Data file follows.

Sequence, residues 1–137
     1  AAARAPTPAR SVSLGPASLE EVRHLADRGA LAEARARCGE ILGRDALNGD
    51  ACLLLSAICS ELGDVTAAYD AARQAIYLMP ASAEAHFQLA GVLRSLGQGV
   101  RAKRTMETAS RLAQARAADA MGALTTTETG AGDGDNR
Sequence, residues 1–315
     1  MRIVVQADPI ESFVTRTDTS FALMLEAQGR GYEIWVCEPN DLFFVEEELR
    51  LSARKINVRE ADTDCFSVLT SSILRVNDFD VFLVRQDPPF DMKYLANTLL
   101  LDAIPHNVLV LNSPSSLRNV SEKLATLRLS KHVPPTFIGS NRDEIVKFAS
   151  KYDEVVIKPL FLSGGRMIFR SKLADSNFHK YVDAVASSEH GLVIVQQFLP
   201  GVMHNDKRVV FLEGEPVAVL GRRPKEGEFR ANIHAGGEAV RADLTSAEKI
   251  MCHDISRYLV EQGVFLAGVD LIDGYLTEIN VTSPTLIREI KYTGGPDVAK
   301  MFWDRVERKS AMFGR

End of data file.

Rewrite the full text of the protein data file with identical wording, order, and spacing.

Sequence, residues 1–137
     1  AAARAPTPAR SVSLGPASLE EVRHLADRGA LAEARARCGE ILGRDALNGD
    51  ACLLLSAICS ELGDVTAAYD AARQAIYLMP ASAEAHFQLA GVLRSLGQGV
   101  RAKRTMETAS RLAQARAADA MGALTTTETG AGDGDNR
Sequence, residues 1–315
     1  MRIVVQADPI ESFVTRTDTS FALMLEAQGR GYEIWVCEPN DLFFVEEELR
    51  LSARKINVRE ADTDCFSVLT SSILRVNDFD VFLVRQDPPF DMKYLANTLL
   101  LDAIPHNVLV LNSPSSLRNV SEKLATLRLS KHVPPTFIGS NRDEIVKFAS
   151  KYDEVVIKPL FLSGGRMIFR SKLADSNFHK YVDAVASSEH GLVIVQQFLP
   201  GVMHNDKRVV FLEGEPVAVL GRRPKEGEFR ANIHAGGEAV RADLTSAEKI
   251  MCHDISRYLV EQGVFLAGVD LIDGYLTEIN VTSPTLIREI KYTGGPDVAK
   301  MFWDRVERKS AMFGR